Raggi-Di Maio tension over street stalls
ROME – Mayor Virginia Raggi is forging ahead with her scheme to relocate ‘street stalls’ despite Minister of Economic Development Luigi di Maio’s request for her to abandon the “decorum plan” for the Municipality of Rome.
In the face of yet another episode overflowing with tension in a seemingly complex relationship with Rome’s mayor, an M5S internal conflict has officially been denied especially as the Deputy Prime Minister is also the movement’s political leader.
The “decorum plan” began on Thursday when Rome’s first citizen went to Viale Regina Margherita, between Policlinico Umberto 1 and University City (Sapienza’s main campus), to present the “liberation” of the sidewalks from the numerous stalls that had for years been populating the streets, many of which had been, among other things, occupying parking areas 24-hours a day.
“We’ve carried out a necessary job without delay, because the souks arranged on the sidewalks can no longer be tolerated, especially close to hospitals or railway stations,” Ms Raggi said in the company of the President of Rome's Municipio II area, Francesca Del Bello, a member of the Democratic Party (PD).
But on the same day, according to unconfirmed rumours, a call came from the cabinet of the Ministry of Economic Development (MISE) – under the direct leadership of Luigi di Maio – demanding the relocation be stopped.
“At least for the moment,” ministerial sources said.
There is a need on the part of the Minister of Economic Development to “strengthen the dialogue and participation of stakeholders to guarantee all the necessary safeguards without causing any shock in the sector,” ministerial officials were quoted as telling RomaToday.
The motive appears to lie in the ongoing dialogue between the government and industry associations “to redefine the rules at national level.”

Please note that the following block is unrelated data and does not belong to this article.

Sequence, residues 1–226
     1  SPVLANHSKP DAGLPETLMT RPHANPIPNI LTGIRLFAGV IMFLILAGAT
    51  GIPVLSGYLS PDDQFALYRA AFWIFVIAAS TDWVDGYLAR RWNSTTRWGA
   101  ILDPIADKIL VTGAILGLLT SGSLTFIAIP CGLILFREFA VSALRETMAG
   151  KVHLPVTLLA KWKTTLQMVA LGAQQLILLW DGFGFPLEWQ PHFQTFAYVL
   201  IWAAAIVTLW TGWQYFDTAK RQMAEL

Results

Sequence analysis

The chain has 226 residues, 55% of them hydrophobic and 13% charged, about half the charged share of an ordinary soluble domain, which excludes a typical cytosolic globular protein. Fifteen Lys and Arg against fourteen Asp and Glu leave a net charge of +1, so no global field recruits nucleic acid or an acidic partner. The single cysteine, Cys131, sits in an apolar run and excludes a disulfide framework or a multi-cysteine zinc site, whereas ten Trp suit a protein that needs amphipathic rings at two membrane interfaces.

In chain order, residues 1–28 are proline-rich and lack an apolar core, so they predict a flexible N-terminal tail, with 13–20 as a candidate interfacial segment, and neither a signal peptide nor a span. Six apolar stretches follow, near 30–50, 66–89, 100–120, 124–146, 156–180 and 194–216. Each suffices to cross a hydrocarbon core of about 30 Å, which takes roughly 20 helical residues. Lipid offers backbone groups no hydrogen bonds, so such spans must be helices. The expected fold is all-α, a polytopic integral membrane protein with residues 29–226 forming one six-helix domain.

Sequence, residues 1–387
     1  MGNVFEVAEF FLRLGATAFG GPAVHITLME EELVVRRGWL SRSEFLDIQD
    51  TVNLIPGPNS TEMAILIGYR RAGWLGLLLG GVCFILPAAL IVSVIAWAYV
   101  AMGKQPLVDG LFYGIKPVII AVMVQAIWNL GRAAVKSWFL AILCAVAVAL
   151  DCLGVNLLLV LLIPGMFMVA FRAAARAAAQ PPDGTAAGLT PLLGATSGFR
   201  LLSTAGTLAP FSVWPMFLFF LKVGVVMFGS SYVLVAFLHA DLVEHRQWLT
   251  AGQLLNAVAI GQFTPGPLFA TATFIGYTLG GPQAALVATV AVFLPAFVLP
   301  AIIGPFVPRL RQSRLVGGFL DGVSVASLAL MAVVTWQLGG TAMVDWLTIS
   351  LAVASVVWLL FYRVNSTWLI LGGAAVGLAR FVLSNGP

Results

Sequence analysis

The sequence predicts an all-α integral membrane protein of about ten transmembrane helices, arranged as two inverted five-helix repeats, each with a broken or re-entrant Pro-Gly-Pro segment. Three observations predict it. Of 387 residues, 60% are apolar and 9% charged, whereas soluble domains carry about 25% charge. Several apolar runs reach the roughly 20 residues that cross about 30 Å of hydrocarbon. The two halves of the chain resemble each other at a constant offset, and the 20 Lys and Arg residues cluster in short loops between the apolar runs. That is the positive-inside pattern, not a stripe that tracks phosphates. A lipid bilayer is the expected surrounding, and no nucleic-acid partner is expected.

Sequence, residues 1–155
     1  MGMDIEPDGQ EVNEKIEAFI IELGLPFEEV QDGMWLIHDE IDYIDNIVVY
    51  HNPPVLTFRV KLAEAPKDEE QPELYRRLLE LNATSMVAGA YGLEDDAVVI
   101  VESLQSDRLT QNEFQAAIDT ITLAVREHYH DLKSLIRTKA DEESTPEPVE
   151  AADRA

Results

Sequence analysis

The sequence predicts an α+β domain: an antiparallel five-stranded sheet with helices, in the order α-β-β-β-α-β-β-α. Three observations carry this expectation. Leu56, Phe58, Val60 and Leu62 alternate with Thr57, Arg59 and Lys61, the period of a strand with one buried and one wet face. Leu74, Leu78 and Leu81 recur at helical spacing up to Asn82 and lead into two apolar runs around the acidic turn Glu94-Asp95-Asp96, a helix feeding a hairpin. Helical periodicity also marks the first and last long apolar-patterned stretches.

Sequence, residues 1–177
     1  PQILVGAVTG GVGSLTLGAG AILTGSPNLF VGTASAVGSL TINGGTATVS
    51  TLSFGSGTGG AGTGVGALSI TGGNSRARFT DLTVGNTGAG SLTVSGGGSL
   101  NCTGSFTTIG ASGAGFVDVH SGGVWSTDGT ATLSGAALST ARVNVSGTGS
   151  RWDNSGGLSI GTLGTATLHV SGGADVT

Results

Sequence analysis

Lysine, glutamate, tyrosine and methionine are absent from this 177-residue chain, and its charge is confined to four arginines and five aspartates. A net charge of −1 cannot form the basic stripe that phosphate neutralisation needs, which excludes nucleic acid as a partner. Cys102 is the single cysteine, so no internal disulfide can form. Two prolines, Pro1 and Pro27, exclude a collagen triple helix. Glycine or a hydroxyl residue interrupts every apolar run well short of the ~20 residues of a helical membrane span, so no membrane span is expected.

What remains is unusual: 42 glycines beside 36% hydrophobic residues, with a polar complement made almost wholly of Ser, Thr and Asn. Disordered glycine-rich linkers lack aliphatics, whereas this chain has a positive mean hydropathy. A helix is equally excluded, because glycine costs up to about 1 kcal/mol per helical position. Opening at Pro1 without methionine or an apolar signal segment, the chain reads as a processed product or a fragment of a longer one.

The M5S has always been against the application of the EU 123 directive of 2006, better known as “Bolkestein,” the tool used by the Municipality of Rome to start the “decorum plan.”
In an interview with Radio Radio, the mayor included decorum among the solutions that in her view would suggest “the city is back on the move.”
“We did something historic,” Ms. Raggi said – a sentiment echoed by President of the Capitoline Commerce Committee Andrea Coia.
“Our work and that of national leaders is at different levels. We rely on existing regulations and we want to move forward because the Roman situation is unparalleled in the rest of the territory,” Mr. Coia said.
“If a new law arrives we will adapt, but we must always foresee the possibility of making announcements and resolving the current chaos.”
This isn’t the first time Mr. di Maio has tried to stop the Capitol in terms of street stalls. Last May, a few days before the European elections, he forced the M5S majority to withdraw Mr. Coia’s draft proposal, which envisaged the transformation of rotating stall posts into fixed positions.
The aim of the measure was to try to restore order in Rome’s Historic Centre, also in light of the investigation opened in January by the Rome Public Prosecutor, which involves some members of the Tredicine family, who have an historic hold on street selling.
Within a few hours of the presentation in Giulio Cesare hall in the Senatorio Palazzo, however, the bill was shelved and hasn’t been re-proposed.